Few sights are as comforting for me with the TV schedules and bookstore shelves as that of seeing a new series and book from my favourite TV cook person Nigella Lawson on them. My love affair with all things Nigella started when I was a teenager and her first series, ‘Nigella Bites’ aired on Channel 4. Here finally, I thought, was a TV foodie with a genuine, poetic love of food, offering calming but casual advice, who wasn’t barking at you like Gordon Ramsey, or tutting at you like a particularly displeased mother in law like Delia Smith.
It’s been a love affair that’s continued on throughout the last 15 years. Her ‘How to Eat’ and ‘Nigella Express’ books were frequently used tomes of mine during my uni days for brushing up meals after long days in lectures and seminars, and made cooking become a really enjoyable past time of mine rather than a chore. In fact, when my mum brought me up some home cooked ham off the bone after a weekend where I couldn’t make it back for a family member’s birthday party, I promptly made the southern style eggs that she’d once made to accompany her own gammon in Coca-Cola and immediately thought of the world as a better place.
Of course, as most people will know the focus hasn’t necessarily been on Nigella’s kitchen based antics in the last few years, which I won’t go into here because it’s A) unnecessary and B) not why I’m writing this blog. ‘Simply Nigella’, the name of both her newest book and series, lives up to its title. Although some of the feted trademarks of her previous TV shows appear to have vanished somewhat – faceplanting a chocolate cake at 3am whilst the end credits roll, for instance – we find her rediscovering a love of food and cooking after some time away from public view, through simple ingredients and simple methods to make culinary bliss.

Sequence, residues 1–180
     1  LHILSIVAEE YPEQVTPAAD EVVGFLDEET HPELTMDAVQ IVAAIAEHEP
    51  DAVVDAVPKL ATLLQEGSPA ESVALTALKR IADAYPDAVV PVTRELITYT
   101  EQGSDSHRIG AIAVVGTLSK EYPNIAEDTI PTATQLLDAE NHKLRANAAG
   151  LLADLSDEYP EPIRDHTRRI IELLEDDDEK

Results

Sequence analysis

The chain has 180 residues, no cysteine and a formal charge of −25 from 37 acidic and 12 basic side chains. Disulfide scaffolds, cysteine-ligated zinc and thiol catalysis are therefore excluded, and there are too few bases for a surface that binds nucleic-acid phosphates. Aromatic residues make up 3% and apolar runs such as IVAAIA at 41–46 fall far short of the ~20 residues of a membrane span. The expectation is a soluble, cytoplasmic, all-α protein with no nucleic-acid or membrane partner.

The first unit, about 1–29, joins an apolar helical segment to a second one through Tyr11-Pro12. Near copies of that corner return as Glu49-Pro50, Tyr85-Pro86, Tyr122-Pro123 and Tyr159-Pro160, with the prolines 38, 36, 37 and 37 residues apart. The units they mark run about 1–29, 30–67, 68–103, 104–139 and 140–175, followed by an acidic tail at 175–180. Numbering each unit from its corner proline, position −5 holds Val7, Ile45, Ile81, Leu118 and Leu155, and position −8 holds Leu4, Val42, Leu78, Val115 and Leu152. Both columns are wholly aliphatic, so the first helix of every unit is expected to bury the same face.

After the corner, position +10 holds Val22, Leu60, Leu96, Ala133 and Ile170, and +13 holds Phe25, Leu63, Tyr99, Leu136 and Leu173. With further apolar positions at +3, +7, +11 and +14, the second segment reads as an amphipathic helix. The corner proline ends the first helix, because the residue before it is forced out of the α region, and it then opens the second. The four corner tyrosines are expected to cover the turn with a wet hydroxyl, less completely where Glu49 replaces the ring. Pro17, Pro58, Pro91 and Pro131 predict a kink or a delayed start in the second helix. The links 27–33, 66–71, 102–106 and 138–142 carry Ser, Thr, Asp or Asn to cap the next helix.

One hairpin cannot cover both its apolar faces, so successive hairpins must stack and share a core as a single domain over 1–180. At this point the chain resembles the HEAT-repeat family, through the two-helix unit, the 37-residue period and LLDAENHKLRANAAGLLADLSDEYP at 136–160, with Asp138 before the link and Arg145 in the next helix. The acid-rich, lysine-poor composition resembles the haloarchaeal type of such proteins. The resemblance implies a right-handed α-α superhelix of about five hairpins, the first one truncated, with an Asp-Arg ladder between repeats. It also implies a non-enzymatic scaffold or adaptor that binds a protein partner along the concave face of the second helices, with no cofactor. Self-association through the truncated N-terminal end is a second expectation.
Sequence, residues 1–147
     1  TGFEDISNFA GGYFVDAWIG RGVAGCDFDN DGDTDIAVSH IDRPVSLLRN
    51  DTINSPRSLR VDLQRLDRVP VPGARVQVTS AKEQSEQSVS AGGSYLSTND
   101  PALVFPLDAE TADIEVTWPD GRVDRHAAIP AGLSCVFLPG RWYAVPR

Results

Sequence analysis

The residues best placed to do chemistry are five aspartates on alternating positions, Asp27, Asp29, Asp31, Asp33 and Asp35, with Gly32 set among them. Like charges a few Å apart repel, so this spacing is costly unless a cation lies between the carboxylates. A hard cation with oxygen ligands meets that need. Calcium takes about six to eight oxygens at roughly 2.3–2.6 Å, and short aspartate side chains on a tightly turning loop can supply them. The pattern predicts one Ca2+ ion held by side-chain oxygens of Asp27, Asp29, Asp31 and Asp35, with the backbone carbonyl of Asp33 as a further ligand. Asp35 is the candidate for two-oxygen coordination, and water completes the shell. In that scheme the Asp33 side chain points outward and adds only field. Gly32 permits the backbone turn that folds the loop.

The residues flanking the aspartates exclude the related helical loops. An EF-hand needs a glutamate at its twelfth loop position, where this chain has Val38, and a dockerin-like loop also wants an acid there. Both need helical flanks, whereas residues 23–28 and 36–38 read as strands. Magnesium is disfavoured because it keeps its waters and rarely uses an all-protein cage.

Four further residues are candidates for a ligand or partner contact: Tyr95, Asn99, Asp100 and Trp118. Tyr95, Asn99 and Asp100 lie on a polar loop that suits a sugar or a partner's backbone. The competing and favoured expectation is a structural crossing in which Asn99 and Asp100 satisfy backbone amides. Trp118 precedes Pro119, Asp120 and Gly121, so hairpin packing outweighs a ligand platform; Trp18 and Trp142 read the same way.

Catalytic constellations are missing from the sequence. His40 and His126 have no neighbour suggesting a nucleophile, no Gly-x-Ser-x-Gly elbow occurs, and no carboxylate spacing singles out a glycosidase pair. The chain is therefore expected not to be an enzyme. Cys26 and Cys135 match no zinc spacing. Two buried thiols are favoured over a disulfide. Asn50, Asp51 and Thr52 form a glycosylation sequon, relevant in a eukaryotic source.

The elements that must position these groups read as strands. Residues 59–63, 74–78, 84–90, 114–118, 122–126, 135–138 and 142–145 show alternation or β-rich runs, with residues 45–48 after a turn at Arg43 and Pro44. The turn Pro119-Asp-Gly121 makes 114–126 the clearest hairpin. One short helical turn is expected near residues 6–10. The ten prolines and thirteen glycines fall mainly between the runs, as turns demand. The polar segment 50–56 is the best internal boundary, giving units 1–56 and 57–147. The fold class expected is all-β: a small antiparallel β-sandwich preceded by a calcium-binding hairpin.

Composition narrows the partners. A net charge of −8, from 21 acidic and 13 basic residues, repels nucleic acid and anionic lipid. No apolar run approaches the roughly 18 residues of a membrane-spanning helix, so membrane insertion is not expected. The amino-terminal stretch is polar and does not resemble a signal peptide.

So much was made on Twitter of the fact her first recipe of the first episode was for avocado on toast. Even she admitted on screen it was hardly a recipe, but it’s the simplicity and easiness of it all that makes it appealing. A segway into a recipe for Thai noodles with cinammon and prawns also shedded light on what had bought her back to a love of cooking – namely, time spent visiting Thailand as she skipped nostalgically through a clutch of Polaroids. Though balking at a photo of her with an untamed, backpackers mane, she wittily observes that ‘happiness trumps good hair’.
This feeling of rediscovery and joy via the kitchen seeped throughout the first episode, in particular on her recipes for sticky lamb ribs and a gluten-free apricot and rosewater cake. Whilst I’m not the world’s greatest fan of fruit based cakes, even I had to admit it looked appealing, if not for her wonderfully alliterative reasoning behind why rosewater was such an essential part of her cake: ‘One drop is full of exotic promise. Too much, and it’s like your great aunt’s bubble bath.’
Future episodes to come this series promise more delights – among them, a new chocolate cake which is sure to be up there with her Cloud Cake from ‘Bites’ or her infamous ‘Girdlebuster Pie’ from her Christmas shows, as well as a DIY pork burger that would put most hog roast caterers to shame. Like a comfy pair of slippers or a warming mug of cocoa when you come in from a blustery, dark commute home, slipping back simply and easily into Nigella’s world has made our autumn evening’s viewing all that bit sweeter.
‘Simply Nigella’ continues at 8:30pm on Monday nights on BBC Two. The first episode is available to watch back now for UK viewers on BBC iPlayer. The accompanying book for the series is published by Chatto and Windus. www.nigella.com Twitter: @Nigella_Lawson